Five Facts You Need to Know About Youth and Sex
Sexual violence usually emerges around the age of 16.
Posted October 24, 2013
It’s normal as parents to not want to think about your child having sex, let alone being sexually violent or forcing others to do things sexually. Unfortunately, our recent study published in JAMA Pediatrics suggests that not only do we need to be thinking about sexual violence, we need to be talking with our children about it as well. 
Here are five things that you need to know about young people and sexual violence:
1. Almost one in ten youth are perpetrators. Nine percent of youth between the ages of 14 and 21 have admitted to making someone do something sexual when they knew that the other person did not want to. (This is 9% of *all* youth – not just those who are having sex)
2. We asked youth who said they have tried to or made someone have sex with them, how old they were the first time. The most common age of initiation is 16 years old.
3. Girls are perpetrators: One in three youth who admitted to trying or making someone have sex with them was female.
4. Media matters. Youth who watch violent x-rated material are more likely to admit to being sexually violent. Trends also suggest intense exposures to violent media (people shooting, fighting, killing) and sexual media (people kissing, having sex) may be related to sexual violence.
5. Few perpetrators face consequences. We asked youth who had tried or made someone to have sex with them, what happened as a result. Two in three youth said nothing happened; no one found out. Only 1% were contacted by the police.
So, what to do?
1. Talk to youth about healthy sex and unhealthy sex. Healthy sex is when both people are ready and want to have sex. Unhealthy sex is when one or both aren’t ready, or are unsure about whether they want to have sex.
2. Know that rape is not just physically forcing someone to have sex – it also can be psychological coercion. Remind youth that if they or their partner need to be convinced to have sex, then it’s not healthy sex.
3. Start talking to youth early – well before they are 16 years old about healthy and unhealthy sex. Even if you don’t want your children to have sex until they’re adults, it is still important to talk to them about sex. Sharing with them why you want them to wait may be really helpful for them to hear.
4. Be mindful of the media that youth are consuming. From a public health perspective, x-rated material may not be harmful (what you believe from a moral perspective is absolutely your choice). But *violent* x-rated material appears to be a marker for concern. If you discover that a child has been looking at sexual images where one person is physically hurting another person, talk to them about it. Also talk to them more generally about the amount of violence and sexual images they are consuming everyday through television, music, the internet, and games.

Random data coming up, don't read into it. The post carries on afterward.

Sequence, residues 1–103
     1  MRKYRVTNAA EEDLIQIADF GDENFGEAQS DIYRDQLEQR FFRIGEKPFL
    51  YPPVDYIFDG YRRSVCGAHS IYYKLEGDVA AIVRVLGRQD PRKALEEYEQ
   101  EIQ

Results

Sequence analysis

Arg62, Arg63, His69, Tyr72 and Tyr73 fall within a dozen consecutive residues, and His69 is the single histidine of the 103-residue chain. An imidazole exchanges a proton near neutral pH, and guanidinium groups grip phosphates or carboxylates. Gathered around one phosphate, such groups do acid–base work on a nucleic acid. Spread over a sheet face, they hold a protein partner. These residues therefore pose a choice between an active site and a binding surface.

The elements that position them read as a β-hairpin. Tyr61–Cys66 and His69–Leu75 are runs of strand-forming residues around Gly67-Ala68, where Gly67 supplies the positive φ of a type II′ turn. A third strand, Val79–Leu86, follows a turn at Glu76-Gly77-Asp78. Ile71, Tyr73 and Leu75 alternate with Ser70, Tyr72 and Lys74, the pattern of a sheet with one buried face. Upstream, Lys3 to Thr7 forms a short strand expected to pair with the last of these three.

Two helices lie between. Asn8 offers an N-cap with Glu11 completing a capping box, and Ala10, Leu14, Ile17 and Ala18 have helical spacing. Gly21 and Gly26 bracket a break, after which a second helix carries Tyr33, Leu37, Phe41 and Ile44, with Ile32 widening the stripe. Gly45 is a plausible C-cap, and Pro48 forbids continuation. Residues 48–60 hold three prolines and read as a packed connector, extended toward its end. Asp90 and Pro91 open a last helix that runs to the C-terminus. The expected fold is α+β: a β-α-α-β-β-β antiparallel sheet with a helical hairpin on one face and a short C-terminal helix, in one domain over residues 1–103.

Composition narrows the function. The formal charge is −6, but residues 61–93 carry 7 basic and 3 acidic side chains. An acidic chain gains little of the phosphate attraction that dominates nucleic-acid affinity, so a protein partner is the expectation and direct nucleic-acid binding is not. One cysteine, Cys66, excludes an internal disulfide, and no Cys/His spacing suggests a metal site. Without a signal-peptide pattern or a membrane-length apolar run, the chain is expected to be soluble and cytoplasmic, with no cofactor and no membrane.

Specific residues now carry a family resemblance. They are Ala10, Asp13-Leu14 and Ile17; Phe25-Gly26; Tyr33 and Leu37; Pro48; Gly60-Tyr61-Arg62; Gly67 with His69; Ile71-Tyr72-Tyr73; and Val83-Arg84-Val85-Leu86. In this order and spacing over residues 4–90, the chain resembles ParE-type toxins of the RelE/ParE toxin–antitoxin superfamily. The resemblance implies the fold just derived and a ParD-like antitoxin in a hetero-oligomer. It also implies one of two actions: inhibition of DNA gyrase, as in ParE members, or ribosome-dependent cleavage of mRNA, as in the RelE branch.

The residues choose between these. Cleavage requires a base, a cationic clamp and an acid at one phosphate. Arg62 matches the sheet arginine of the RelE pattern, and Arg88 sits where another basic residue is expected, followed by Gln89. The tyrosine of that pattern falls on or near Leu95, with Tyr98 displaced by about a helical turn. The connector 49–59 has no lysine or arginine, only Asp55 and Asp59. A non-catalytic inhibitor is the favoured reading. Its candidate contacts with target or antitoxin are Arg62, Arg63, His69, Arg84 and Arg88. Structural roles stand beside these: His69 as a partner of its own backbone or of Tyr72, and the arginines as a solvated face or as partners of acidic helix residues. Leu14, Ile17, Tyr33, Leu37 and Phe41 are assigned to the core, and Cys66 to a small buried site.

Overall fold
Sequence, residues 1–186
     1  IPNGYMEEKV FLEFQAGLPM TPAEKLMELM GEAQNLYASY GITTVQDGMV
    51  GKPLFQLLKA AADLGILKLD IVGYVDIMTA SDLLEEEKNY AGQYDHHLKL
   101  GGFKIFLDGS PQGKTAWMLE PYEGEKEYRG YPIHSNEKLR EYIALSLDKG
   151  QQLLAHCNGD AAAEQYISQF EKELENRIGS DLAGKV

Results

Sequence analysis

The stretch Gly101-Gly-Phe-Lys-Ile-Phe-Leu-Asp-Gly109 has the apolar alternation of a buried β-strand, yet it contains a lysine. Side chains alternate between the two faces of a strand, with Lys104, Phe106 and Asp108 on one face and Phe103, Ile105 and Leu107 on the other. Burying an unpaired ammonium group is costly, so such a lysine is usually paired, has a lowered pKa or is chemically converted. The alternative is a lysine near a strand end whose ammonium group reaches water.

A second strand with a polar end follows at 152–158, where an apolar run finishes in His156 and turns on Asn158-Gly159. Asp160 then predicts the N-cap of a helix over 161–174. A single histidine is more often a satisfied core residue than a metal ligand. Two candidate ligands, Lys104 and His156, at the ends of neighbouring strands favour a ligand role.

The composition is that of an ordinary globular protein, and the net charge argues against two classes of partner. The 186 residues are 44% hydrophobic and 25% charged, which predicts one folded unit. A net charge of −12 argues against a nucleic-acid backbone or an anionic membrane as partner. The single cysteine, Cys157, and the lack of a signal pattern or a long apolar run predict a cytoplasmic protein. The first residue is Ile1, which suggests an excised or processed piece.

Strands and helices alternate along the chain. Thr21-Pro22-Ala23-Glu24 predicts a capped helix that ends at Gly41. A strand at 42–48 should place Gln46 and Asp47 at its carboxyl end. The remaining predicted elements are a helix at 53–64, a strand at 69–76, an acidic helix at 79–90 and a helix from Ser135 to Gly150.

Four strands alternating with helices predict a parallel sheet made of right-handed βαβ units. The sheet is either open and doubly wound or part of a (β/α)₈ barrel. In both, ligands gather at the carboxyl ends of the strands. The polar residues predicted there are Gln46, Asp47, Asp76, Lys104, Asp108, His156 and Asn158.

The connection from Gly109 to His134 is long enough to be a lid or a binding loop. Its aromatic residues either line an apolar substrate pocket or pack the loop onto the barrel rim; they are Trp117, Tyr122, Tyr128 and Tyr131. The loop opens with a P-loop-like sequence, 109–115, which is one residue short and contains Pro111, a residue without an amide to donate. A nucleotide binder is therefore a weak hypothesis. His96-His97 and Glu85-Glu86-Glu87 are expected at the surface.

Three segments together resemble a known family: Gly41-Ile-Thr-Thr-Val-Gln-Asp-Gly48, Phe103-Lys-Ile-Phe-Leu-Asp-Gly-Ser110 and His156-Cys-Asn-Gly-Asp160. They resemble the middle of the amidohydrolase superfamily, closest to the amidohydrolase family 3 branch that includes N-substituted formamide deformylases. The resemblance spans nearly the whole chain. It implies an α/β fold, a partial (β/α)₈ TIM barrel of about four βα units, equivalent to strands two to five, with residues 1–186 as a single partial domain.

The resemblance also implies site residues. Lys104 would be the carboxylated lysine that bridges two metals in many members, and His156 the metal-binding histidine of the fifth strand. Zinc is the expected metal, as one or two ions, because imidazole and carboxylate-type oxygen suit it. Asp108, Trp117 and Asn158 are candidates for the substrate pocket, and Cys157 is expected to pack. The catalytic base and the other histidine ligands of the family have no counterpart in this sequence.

5. Create spaces and places that encourage bystanders (youth who hear about sexual violence others have experienced) to stand up and say something. As a community and a society, we need to be sure that those who are sexually violent meet consequences.
One more thing – give youth some perspective. When you’re young, it’s easy to feel like it’s either now or never. Assure youth that they have their whole lives ahead of them to have sex. If their partner says ‘no’, there will be many other opportunities for better, healthier sex in the future.
Learn more about our research at http://innovativepublichealth.org/projects/growing-up-with-media/
About the study: Findings are from the Growing up with Media study. We surveyed over 1,000 young people 14-21 years old who lived across the United States. Sexual violence was indicated if youth said they had kissed, touched, or done anything sexual with someone when they knew that the other person did not want to. Additionally, youth said they had tried, but were unable, to make someone have sex them when they knew the other person did not want to; if they had ever gotten someone to give in to sex when they knew that person did not want to; or made someone have sex with them when they knew that person did not want to have sex were marked as sexually violent.
The GuwM Study was funded by the Centers for Disease Control and Prevention (R01 CE001543; PI: Ybarra). Points of view or opinions in this bulletin are those of the author and do not necessarily represent the official position of policies of the Centers for Disease Control.
 Ybarra ML, Mitchell KJ. Prevalence Rates of Male and Female Sexual Violence Perpetrators in a National Sample of Adolescents. JAMA Pediatr. 2013;():-. doi:10.1001/jamapediatrics.2013.2629.
 Rape and Sexual Assault. Bureau of Justice Statistics. July 13, 2013 Accessed at: http://www.bjs.gov/index.cfm?ty=tp&tid=317